• Section 302 – Penalty for murder,
• Section 307 – Attempts to murder,
• Section 324 – Voluntarily causing harm to dangerous weapons or means;
• Section 341 – Penalty for wrongful restraint,
• Section 342 – Penalty for wrongful confinement,
• Section 347 – Incorrect confinement to extortion of property, or restriction to an unlawful act,
• Section 364 – Kidnapping or kidnapping for murder
Code of Criminal Procedure, 1973
• Section 161 – Police examination of witnesses,
• Section 162 – Statements not to be signed by the police: use of evidence,
• Section 163 – No incentive to be offered,
• Section 164 – Recording of confessions and declarations,
• Section 173 – Report of the police officer on completion of the investigation;
• Section 229 – Conviction on a plea of guilt
Indian Evidence Act, 1872
• Section 3 – Clause of interpretation,
• Section 5 – Evidence of the facts in question and the relevant facts may be provided;
• Section 7 – Facts which are the occasion, cause, and effect of the facts at issue;
• Section 16 – Existence of course of business where relevant,
• Section 24 – Confession by incitement, threat, or promise where it is irrelevant in criminal proceedings;
• Section 27 – How much of the information received from the accused can be established,
• Section 35 – Relevance of the entry into the public record or electronic record made in the performance of the duty;
• Section 45 – Expert opinions,
• Section 60 – Oral evidence must be direct;
• Section 65B-Admissibility of electronic records
Constitution of India, 1950;
• Article 20(3) – Self-incrimination,
• Article 21 – Protection of life and personal liberty;
• Article 22 – Protection against arrest and detention in certain cases;
• Article 39A – Equal justice and free legal assistance

Judgment-
• Initially, the court handed down the death penalty to Ajmal Kasab. After the judgment of the Court of Justice, Kasab challenged that judgment in the High Court, but the High Court rejected Kasab's plea and upheld the death penalty. Finally, Ajmal Kasab appealed to the Supreme Court to annul his death penalty, but the Supreme Court upheld the judgment of the lower courts on 29 August 2012.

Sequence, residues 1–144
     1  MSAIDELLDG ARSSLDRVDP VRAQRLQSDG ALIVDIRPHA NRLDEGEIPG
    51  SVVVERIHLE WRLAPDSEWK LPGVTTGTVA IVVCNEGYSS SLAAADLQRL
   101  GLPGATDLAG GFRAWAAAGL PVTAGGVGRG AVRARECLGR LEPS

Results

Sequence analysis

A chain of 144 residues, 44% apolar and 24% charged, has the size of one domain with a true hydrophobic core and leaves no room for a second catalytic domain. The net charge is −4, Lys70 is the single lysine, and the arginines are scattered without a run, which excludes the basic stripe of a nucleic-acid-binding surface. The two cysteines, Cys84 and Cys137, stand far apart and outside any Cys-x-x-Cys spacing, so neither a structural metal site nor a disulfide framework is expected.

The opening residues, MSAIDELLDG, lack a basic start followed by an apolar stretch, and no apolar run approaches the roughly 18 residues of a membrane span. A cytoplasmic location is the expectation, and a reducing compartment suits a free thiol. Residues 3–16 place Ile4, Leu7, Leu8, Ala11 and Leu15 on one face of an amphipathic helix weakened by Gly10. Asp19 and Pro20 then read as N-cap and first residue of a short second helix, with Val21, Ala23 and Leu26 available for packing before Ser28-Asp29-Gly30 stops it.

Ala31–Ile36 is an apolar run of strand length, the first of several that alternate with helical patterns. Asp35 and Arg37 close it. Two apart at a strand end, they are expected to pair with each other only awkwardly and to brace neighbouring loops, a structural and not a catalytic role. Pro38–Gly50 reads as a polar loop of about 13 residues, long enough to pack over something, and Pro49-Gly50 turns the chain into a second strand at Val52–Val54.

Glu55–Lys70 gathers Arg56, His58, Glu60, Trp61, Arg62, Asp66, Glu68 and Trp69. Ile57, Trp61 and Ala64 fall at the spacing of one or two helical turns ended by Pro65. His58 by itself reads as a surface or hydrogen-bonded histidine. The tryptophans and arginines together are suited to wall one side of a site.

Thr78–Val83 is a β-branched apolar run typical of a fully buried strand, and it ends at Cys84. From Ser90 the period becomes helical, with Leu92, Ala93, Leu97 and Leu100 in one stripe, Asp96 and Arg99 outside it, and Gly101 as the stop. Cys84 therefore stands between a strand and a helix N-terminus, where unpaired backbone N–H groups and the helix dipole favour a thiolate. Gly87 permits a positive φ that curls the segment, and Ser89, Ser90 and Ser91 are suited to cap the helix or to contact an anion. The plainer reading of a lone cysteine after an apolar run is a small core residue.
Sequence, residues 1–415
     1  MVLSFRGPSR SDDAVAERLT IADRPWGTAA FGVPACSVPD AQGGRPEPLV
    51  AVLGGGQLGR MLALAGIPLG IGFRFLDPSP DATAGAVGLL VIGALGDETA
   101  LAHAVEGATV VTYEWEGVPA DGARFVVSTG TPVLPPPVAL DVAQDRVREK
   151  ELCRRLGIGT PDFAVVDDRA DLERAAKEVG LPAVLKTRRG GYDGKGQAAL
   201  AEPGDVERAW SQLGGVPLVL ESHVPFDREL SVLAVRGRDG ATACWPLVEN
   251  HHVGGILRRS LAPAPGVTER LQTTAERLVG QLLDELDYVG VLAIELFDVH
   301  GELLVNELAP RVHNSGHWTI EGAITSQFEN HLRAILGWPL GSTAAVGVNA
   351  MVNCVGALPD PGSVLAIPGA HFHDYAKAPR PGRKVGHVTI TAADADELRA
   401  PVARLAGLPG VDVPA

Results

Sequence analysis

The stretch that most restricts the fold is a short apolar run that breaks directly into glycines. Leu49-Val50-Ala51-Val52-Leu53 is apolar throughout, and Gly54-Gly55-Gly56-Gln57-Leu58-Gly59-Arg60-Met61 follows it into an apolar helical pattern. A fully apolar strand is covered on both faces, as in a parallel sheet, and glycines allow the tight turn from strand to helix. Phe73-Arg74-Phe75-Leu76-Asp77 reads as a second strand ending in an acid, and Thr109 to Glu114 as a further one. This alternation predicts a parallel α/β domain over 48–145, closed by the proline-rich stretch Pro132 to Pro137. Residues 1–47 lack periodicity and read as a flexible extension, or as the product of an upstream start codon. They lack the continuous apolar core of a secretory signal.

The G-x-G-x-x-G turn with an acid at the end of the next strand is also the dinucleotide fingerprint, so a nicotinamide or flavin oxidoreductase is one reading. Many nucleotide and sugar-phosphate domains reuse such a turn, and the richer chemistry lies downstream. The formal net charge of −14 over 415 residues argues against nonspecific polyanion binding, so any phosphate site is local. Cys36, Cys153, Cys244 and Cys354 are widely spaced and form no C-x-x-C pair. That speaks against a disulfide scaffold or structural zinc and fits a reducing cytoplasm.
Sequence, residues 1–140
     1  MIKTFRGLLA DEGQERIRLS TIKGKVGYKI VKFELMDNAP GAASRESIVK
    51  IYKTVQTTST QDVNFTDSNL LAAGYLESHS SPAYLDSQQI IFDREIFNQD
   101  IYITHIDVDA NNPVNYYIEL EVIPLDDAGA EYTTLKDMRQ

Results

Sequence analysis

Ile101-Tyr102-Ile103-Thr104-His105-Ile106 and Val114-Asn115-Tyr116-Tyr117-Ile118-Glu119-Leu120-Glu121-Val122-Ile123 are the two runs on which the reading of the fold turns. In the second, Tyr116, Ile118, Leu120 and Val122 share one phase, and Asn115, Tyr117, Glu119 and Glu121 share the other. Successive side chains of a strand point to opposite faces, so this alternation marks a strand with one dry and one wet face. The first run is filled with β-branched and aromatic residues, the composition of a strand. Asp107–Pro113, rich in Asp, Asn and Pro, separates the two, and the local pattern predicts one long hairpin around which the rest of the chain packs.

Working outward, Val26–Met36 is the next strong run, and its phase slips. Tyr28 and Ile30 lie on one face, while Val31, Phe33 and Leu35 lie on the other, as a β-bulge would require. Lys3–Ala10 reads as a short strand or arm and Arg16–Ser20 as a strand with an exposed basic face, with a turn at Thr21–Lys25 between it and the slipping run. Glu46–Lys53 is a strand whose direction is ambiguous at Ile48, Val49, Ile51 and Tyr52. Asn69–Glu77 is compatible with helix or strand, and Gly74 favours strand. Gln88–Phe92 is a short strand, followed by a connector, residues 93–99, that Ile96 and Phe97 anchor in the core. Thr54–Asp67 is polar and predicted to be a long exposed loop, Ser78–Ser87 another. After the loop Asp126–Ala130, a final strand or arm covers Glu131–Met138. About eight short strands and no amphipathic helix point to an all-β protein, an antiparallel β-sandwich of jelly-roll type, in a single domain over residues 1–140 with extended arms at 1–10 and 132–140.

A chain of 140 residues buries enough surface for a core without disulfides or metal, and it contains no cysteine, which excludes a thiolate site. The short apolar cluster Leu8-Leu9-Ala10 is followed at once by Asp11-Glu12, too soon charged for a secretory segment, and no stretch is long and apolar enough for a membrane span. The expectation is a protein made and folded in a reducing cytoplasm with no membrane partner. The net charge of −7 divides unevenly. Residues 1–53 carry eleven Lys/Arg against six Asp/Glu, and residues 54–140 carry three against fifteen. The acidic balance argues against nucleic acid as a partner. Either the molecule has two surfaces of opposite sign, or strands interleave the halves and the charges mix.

• On 5 November 2012, the President of India, Mr. Pranab Mukherjee, rejected the Mercy Petition filed by Ajmal Kasab.
• Finally, at 7:30 a.m. on 21 November 2012, Ajmal Kasab was hanged to death in complete secrecy at Yerwada prison in Pune.

Concept Highlighted
Article 21 of the Constitution of India provides that every person has the right to free legal aid and a fair trial. Free legal assistance was provided to Mohammad Ajmal Kasab from India. With his free will, he gave his confession. Under Section 164 of the Cr.P.C., the Magistrate of the Judiciary had recorded the confession of Kasab. Ajmal Kasab first wrote a letter to the Pakistani authorities to provide him with a Pakistani lawyer saying that he had no trust in Indian lawyers, but the Pakistani authorities refused to recognize him as a citizen. Even though Kasab had committed several heinous crimes and killed a lot of innocent people, the Indian courts still handed him a fair trial.